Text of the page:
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  • Q&A with Australian Health Practitioners

    How can I prevent back pain

    I sometimes get back pain from sitting at the computer, what can I do.
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    Osteopathy Australia is the peak body representing the interests of osteopaths, osteopathy as a profession and consumer's right to access osteopathic services. Osteopathy Australia represents … View Profile

    There are certain positions where excess load is placed upon muscles, ligaments, joints etc, which may lead to back pain or discomfort if repeated, day in, day out.

    For those of us who work at desks, this is especially important as we spend most of our day sitting. Across the course of the day, muscles get tired and are less able to keep up sitting upright, and we end up slouching.

    If we’re going to get our workspace to work for us, we want to avoid letting our devices encourage us to slouch when we don’t need to. For instance, laptops are shocking because they bring our hands away from our body and drag our head and neck down to look at the screen.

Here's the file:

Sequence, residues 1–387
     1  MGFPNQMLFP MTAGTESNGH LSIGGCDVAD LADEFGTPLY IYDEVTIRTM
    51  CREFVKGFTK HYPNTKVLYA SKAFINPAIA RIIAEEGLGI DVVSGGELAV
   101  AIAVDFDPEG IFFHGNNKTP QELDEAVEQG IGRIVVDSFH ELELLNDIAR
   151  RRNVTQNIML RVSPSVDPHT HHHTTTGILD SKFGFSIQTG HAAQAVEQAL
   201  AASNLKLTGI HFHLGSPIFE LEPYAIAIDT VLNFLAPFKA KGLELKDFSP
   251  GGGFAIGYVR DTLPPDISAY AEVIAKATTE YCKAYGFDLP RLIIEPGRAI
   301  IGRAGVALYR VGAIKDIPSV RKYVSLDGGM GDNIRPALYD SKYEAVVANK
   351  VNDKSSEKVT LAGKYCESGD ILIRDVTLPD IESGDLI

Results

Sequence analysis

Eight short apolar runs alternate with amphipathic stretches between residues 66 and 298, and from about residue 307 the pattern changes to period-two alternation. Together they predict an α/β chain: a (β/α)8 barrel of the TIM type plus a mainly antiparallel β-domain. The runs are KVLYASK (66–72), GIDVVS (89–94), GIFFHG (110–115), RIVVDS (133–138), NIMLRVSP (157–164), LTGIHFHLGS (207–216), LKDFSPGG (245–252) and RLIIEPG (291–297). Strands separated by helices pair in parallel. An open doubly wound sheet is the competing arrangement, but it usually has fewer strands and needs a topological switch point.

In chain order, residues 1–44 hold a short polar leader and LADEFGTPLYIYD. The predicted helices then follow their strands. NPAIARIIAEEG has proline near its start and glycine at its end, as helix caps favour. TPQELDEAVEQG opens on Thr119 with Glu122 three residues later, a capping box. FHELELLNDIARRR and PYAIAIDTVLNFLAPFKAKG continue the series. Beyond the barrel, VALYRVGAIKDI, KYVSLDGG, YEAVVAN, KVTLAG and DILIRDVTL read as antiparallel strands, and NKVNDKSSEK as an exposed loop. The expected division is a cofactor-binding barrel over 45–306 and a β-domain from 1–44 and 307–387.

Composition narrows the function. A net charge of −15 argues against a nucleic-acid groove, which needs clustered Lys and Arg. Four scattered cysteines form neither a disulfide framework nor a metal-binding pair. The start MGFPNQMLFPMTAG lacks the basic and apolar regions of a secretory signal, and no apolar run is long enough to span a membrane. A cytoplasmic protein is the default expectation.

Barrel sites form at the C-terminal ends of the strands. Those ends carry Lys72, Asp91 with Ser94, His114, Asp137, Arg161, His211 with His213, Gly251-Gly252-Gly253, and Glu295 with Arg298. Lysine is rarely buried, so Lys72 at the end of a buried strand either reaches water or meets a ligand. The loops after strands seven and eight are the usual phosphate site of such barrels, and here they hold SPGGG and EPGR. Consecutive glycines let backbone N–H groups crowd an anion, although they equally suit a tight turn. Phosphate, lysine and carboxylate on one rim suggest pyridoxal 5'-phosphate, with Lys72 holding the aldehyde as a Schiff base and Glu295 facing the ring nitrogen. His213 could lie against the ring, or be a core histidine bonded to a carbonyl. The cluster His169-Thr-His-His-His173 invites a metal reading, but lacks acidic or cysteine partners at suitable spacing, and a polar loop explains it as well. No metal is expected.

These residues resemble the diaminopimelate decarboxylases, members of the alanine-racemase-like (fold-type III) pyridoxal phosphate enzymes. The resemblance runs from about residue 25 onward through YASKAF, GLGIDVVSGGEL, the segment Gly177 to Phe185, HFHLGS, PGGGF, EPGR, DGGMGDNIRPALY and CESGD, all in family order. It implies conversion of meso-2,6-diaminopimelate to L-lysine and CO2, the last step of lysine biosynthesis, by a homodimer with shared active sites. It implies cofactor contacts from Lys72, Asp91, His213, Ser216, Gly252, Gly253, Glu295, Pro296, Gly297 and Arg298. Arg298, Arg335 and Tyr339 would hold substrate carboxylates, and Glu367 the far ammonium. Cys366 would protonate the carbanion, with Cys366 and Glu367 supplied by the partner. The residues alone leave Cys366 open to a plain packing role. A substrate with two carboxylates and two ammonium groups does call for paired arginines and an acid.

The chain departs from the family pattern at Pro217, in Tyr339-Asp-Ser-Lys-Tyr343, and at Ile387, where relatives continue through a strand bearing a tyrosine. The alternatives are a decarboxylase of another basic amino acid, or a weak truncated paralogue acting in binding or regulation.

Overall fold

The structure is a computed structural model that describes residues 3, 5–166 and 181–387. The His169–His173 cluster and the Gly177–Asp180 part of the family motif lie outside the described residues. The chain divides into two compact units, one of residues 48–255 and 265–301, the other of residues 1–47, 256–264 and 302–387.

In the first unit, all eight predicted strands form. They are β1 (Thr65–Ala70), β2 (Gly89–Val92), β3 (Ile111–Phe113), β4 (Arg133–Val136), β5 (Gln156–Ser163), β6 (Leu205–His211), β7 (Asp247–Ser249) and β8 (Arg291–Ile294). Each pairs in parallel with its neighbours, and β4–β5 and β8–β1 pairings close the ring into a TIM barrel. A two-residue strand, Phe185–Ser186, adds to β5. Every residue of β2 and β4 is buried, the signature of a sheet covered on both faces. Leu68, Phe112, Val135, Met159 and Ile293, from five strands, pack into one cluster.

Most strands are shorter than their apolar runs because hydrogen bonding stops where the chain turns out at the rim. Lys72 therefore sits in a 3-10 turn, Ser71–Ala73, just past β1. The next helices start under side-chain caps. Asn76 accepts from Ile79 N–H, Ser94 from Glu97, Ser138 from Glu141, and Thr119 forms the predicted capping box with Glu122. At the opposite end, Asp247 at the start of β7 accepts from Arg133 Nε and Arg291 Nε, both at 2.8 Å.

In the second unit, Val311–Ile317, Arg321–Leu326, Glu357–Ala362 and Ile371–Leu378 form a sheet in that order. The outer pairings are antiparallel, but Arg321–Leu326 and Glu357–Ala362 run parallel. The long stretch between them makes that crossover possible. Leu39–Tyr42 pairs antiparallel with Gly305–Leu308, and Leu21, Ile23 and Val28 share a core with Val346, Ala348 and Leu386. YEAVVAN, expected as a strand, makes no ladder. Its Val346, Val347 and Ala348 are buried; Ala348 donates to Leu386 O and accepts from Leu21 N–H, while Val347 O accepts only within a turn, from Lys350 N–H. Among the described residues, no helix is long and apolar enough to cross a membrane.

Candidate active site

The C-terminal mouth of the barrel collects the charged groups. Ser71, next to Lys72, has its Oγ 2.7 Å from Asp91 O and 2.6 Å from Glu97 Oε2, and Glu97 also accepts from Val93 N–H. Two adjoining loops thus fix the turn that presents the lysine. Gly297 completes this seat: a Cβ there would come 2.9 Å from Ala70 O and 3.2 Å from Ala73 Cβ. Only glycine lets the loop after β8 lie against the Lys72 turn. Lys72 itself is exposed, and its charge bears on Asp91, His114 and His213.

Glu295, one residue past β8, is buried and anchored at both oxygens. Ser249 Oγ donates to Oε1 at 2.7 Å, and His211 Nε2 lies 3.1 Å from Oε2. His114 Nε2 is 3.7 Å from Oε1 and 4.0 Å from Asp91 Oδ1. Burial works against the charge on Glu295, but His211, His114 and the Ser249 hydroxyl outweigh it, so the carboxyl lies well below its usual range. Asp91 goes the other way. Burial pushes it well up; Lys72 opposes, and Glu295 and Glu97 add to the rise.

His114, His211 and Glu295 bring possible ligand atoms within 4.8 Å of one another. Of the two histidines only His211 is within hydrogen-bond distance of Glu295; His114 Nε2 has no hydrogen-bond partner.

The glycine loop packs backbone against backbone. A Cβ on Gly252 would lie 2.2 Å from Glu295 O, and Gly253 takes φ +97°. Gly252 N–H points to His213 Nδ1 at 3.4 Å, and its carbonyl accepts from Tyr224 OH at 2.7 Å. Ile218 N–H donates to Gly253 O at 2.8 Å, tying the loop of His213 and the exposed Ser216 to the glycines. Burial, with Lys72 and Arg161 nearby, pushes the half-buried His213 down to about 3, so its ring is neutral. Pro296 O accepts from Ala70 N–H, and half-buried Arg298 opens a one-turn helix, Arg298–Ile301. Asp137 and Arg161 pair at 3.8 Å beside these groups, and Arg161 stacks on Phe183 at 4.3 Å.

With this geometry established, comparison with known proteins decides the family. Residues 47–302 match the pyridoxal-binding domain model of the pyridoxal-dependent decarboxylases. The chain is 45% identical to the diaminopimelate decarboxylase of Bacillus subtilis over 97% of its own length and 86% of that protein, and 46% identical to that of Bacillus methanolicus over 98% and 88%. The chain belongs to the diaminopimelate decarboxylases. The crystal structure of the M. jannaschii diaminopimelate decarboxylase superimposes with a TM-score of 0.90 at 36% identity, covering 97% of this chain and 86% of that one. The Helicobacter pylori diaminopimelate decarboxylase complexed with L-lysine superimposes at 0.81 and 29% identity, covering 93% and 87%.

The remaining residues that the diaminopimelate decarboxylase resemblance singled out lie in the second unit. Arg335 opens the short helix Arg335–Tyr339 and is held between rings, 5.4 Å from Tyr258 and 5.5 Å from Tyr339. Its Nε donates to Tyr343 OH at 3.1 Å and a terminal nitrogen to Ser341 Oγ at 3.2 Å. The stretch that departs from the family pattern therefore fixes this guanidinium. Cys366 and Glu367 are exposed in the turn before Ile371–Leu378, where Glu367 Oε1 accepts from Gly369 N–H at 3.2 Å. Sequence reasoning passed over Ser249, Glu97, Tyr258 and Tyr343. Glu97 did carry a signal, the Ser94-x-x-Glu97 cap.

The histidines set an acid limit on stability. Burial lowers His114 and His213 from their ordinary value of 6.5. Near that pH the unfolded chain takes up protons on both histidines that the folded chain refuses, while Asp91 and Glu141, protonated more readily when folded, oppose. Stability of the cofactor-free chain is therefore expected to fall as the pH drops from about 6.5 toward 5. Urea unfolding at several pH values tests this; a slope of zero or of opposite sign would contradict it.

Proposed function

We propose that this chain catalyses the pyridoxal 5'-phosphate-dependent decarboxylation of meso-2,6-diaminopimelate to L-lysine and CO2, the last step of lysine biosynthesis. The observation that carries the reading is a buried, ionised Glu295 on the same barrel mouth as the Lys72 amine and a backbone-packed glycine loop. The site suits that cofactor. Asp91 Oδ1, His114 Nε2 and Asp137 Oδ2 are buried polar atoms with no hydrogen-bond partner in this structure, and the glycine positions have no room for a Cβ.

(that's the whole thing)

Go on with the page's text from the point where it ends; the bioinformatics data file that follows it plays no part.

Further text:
As a general rule, our elbows should be close to our body and bent at about 90 degrees (not stretched out, reaching for the keyboard!)

    • Eyes should be at the height of the screen, which should be about arm’s distance away from your face.
    • The mouse should be close to your body so that your arms can be nice and relaxed whilst using it!
    • To reduce low back pain whilst sitting, some people like to include a foot rest under their desk.

    There's more information on ergonomics here - http://www.wellbeing.com.au/blog/three-ergonomic-mistakes-make/

    To prevent general back pain, it’s very important to keep mobile, introduce gentle exercises and to slowly build up to strengthening activities. The classic example is to get out and get walking. It’s cheap, and easy, and you can slowly increase your distance and pace as you get comfortable. Cycling, aquatic exercises such as swimming and aerobics are also great non-weight bearing exercises to consider as well.  

    Also:

    - Keep well hydrated. Sip water frequently, and don’t guzzle infrequently.  Excessive water consumption in a short period, combined with excess tea and coffee drinking may increase urinary output and promote dehydration.

    - Eat sufficient protein to help repair tissue

    - Ensure you have a supportive mattress. Research has shown that the best mattress for low back pain is a medium-firm mattress rather than a hard one. It'll support your spine and help avoid a drop in the centre of the mattress, but not be too uncomfortable on exposed joints like the shoulders, hips and knees. There is a difference between "firm support" and "firm feel"; you want firm support with a comfortable feel.

    Keep well,

    Osteopathy Australia

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